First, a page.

Glut of blueberries floods B.C. market leaving farmers struggling to make profit
Every year, around the end of July, all the blueberries in Lower Mainland ripen at same time
It's peak blueberry season in B.C. and grocery stores are fully stocked with heaps of the little purple fruits at rock bottom prices, which is great news for berry lovers. but farmers say they're struggling to stay profitable.
Back in the 1990's, many farmers in the province started growing blueberries because of the untapped potential market, according to one second-generation farmer in Richmond.
"There was a lot more profitability in blueberries and more of a consistent market ... Every year the prices would get just slightly better and movement was good, you always sold your crop," said Humraj Kallu, operations manager at Canwest farms.
Kallu's father switched his crops from vegetables, strawberries and raspberries to blueberries in the 90s because he thought the farm could make more money in this new market.
The problem was a lot of other farmers had the same idea.
Now, many of the crops in the Fraser Valley are of the same variety, called Duke blueberries, which all ripen at the same time of year causing the glut of supply some farmers refer to as the "big blue wave."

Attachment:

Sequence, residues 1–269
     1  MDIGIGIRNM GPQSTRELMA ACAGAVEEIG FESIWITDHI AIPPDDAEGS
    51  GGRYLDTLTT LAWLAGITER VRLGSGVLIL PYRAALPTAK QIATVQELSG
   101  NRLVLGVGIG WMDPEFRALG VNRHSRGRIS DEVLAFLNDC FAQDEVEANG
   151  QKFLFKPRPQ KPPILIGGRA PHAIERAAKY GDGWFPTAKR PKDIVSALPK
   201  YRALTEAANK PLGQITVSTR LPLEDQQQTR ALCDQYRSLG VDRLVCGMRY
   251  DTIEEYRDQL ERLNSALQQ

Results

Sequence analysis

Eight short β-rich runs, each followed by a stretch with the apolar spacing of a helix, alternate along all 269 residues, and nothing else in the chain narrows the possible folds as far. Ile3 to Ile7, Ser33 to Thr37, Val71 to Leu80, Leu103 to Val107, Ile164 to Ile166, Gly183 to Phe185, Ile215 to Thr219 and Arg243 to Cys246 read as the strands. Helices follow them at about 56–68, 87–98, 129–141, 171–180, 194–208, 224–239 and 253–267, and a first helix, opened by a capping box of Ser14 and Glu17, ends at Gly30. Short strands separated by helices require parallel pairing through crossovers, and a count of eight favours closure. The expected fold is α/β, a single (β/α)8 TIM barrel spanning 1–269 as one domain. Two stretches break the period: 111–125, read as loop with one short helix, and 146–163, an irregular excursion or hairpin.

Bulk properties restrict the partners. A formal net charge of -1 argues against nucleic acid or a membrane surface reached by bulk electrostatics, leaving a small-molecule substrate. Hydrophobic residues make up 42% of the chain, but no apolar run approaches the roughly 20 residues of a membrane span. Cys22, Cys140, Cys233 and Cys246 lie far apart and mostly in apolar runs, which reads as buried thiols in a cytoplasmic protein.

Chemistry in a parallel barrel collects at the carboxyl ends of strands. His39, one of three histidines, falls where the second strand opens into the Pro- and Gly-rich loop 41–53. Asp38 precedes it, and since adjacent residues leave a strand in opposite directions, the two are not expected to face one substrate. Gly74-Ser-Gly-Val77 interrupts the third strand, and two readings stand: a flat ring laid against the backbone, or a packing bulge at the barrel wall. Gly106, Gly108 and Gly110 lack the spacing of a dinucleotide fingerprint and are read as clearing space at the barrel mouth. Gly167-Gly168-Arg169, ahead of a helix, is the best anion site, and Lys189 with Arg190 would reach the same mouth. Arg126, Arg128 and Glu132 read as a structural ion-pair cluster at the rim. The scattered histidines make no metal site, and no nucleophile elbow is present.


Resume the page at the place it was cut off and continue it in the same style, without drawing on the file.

Kallu said they're competing with the U.S. and global markets as well as the local producers, and every year it becomes more difficult to turn a profit when costs keep climbing.
The industry is working with the provincial and federal governments to create a solution by finding ways to breed blueberries that ripen at different times of year, according to the project's research director, Eric Gerbrandt.
He said the program started in the late 1950s, breeding raspberries and then strawberries and they've recently turned their attention to blueberries.
"We're looking for earlier and later season varieties. We're looking for higher yields, better fruit quality, the ability to ship our fruit farther to export markets," Gerbrandt said.
In the short term, his team of plant breeders are evaluating different blueberry genetics from around the world to see how well those varieties do locally.
Gerbrandt said he's optimistic, although breeding new strains can take up to two decades, and climate change makes the whole process a bit of a moving target.
"From direct involvement in the program I can tell you I'm very hopeful," he said.
"We have a beautiful growing environment here in the Lower Mainland and Fraser Valley and we believe the new collections that are coming down the pipeline in our breeding program are going to improve the competitiveness of production here in B.C."
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With files from Rachel Sanders, The Early Edition